You can ignore triggers
Both Someone_Evil and Willem Renzema quote relevant rules texts in their answers and are correct in their interpretations.
For me, the clearest statement that reactions are optional comes from the rules on readied actions (emphasis mine):
When the trigger occurs, you can either take your reaction right after the trigger finishes or ignore the trigger. Remember that you can take only one reaction per round.
I like this passage because it explicitly establishes that one can refuse to take a reaction, rather than having that be implicit through the use of 'can' and 'allow' when describing the positive choice to take a reaction as the rules cited in the other answers do. By preferring it, though, I am assuming that the rules for taking reactions permitted by readied actions are no different from those of any other reaction. I don't know why they wouldn't be, but it is a fair objection if one doesn't want to assume that.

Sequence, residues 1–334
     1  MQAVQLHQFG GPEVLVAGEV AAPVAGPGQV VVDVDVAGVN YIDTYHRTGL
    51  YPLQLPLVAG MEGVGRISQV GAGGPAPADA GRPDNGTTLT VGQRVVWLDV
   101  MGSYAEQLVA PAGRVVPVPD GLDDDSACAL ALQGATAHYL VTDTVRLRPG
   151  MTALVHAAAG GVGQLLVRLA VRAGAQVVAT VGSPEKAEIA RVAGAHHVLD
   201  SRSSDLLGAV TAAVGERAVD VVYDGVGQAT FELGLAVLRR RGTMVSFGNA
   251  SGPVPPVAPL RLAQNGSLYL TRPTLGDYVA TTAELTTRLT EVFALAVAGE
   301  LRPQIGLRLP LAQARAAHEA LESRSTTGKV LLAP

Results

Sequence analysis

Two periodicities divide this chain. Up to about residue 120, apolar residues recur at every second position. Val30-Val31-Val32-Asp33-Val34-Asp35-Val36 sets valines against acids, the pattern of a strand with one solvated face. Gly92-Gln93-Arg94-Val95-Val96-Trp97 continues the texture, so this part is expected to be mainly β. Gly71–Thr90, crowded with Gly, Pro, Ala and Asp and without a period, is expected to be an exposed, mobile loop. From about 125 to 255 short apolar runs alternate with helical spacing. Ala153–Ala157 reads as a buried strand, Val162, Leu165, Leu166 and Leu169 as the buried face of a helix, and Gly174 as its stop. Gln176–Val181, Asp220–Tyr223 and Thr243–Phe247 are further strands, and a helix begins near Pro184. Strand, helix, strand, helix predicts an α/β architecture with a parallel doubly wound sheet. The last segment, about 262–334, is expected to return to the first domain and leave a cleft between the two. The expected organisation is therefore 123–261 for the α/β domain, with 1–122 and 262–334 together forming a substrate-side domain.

The passage establishes that each time you have the ability to take a reaction due to a trigger, you can decide to do so, or not. This is a strategic decision since using your reaction for that particular trigger then removes the possibility of reacting until your next turn, while not using it preserves your ability to respond with a reaction to any other trigger that occurs until then.
Your intuition that forced reactions would drain spell slots is correct. Consider also any melee character that closed the distance to an arcane caster - if one were required to take any available reaction, it would be trivial for you to move into the caster's reach, then move out again to force them to make an opportunity attack (with what? a dagger?) and then move back in again, confident that they could no longer use their shield spell to protect against your attack. This would considerably reduce the power of the shield spell, as well as many other abilities that either force your opponents to take reactions or remove their ability to do so.